Most of the PROS of a shortened week help the district and the district employees

Most of the CONS are realized by the students and families:

So, are we trying to service the district/teachers or the students? We've had a 5 day week up to this point, after all.

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2 hours ago, Box1 said:

It's comical reading responses to this from people who have no idea or understanding on how anything works.

As with anything else that you want to give your opinion on, do your homework (couldn't help myself) and come in with some legs to stand on. 

The rebuttal of "working parents", how do you handle Christmas break/Spring Break/Thanksgiving Break/SUMMER?

The removal of Friday doesn't mean the kids are losing time in the classroom, that time is made up by starting earlier and finishing later M-Th. 

People throwing the wages argument of "part time work deserves part time pay" are ignorant if you think teachers are swimming in it.

I can keep going but unless you're involved, you can't possibly understand. My wife is in year 12 at a lower socioeconomic school and to help with getting by with 3 kids I continue to work my 6-day a week job. Thanks for taking up my lunch break with your ignorance.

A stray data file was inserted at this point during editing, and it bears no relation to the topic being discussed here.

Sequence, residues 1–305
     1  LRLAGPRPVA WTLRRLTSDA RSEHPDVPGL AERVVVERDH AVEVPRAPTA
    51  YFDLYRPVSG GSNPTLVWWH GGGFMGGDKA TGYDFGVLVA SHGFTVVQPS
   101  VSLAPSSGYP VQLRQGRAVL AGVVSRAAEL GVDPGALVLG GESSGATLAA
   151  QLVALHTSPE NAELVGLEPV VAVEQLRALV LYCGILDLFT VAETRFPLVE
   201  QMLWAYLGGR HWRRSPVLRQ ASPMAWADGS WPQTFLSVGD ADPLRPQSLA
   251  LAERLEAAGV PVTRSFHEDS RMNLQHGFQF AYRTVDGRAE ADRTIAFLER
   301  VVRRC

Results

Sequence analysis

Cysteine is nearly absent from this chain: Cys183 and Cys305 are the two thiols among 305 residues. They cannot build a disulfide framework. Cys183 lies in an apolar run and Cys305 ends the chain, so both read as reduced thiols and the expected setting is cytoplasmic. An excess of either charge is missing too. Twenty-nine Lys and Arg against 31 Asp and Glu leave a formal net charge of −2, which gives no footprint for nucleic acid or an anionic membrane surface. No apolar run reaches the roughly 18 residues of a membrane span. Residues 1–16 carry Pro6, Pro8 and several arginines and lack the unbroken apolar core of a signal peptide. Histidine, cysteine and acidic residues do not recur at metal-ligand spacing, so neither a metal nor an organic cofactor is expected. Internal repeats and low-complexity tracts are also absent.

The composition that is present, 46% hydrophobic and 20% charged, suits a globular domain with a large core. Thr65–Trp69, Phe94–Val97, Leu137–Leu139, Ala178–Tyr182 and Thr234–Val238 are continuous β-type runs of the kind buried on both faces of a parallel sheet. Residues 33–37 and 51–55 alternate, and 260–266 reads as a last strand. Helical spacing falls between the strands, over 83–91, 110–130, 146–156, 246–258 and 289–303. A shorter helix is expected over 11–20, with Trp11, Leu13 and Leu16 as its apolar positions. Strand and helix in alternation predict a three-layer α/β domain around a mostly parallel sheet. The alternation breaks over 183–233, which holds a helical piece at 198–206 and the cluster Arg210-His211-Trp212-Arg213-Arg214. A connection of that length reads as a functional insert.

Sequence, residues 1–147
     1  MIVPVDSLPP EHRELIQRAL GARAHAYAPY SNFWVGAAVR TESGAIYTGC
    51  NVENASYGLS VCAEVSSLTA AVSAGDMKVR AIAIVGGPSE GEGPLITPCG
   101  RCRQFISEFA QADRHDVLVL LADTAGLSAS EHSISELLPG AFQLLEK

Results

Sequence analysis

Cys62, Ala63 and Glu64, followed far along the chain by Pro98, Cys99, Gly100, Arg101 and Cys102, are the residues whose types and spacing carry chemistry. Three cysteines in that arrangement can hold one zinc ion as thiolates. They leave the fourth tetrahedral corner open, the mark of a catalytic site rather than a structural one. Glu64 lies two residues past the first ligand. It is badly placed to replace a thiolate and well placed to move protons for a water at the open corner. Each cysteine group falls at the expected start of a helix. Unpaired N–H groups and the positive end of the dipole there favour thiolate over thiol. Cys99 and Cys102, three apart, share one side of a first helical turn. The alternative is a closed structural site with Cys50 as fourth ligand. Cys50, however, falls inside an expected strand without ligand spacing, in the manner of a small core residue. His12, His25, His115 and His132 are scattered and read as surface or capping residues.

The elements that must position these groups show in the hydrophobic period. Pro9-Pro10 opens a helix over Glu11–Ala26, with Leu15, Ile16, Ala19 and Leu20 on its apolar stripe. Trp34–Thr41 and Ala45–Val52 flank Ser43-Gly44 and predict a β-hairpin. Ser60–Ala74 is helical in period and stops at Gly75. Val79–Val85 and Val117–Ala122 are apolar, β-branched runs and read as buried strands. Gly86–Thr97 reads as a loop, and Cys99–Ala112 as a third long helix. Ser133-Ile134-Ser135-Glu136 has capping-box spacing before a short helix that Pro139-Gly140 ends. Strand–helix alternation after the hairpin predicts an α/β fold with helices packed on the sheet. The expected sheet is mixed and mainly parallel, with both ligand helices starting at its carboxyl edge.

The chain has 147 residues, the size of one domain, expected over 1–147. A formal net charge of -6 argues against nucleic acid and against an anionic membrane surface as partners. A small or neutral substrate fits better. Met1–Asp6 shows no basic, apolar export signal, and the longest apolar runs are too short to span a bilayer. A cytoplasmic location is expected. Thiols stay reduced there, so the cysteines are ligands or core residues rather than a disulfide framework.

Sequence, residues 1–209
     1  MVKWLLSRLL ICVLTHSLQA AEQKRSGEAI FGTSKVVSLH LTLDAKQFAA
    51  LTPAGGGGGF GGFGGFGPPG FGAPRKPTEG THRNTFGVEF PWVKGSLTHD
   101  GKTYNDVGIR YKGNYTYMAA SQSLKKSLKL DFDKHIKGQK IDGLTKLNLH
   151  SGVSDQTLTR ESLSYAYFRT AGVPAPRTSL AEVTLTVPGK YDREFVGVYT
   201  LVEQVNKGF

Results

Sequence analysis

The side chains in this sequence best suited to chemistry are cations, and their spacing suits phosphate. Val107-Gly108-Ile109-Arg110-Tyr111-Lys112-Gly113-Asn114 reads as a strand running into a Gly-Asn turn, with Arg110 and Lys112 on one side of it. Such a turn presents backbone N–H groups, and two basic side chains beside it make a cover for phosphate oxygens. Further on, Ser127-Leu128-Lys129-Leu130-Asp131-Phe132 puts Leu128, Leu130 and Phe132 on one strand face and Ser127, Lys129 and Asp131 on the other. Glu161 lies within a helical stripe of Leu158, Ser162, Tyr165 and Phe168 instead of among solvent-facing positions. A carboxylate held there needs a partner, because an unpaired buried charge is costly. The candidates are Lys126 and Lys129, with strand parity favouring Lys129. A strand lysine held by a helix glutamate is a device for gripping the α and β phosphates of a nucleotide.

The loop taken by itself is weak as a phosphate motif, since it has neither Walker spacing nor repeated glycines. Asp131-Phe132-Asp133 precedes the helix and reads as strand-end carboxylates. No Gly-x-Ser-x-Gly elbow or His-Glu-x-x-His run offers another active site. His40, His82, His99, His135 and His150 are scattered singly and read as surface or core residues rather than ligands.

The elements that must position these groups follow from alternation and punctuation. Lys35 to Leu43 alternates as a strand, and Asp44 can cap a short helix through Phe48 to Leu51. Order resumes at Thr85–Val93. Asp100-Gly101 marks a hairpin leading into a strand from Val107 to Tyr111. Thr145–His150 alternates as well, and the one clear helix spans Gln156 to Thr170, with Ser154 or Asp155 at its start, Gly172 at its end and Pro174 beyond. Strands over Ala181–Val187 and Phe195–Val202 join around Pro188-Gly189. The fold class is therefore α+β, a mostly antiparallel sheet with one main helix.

Well, we have you here to educate us! 🙄

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Here is my cent and a half.....

I can only speak for me, but the wife and I both work. We used a daycare before he was in school and a couple hours in the afternoons when he was in school, until he was old enough to stay at home.  We hated summers because daycare went up because he was there more. I often thought if I had 3 kids, it would be cheaper for the wife to quit her job......Adding 52 (rounding up) full days to an already expensive bill could be devastating for some people.  Personally I like the 5 day school week, it mirrors most jobs they may get when they become adults. 

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4 hours ago, CardinalBacker said:

If your job can be accomplished in 150 days per year, it's a part time job and should be paid accordingly. 

I said what I said. 


Obviously, you are entitled to your opinion on teacher salaries. 

They are essentially contract/salaried workers. They ask for a fee to educate children. That fee is not dependent on hours or days.

Let’s say you contract a cabinet builder to refurbish your kitchen. He gives you a price, tells you that he will be finished in 10 days and you accept it for $20,000. The contractor finishes in only 7 days. Do you pay him only $14,000 or 70% if the agreed on price because he was able to complete the job in less time?